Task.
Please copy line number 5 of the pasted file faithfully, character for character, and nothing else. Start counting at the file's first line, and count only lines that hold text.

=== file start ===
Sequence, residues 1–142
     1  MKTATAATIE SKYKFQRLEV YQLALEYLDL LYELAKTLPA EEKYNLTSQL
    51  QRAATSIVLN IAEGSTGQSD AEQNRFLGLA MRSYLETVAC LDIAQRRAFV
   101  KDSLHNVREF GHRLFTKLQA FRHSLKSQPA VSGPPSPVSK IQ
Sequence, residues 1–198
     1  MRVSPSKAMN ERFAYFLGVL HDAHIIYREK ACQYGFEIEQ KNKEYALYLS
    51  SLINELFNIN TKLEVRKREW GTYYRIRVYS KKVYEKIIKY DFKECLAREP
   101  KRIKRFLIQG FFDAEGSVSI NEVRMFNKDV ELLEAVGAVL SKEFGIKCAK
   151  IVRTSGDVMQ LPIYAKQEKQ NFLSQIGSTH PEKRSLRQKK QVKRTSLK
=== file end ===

Sequence, residues 1–198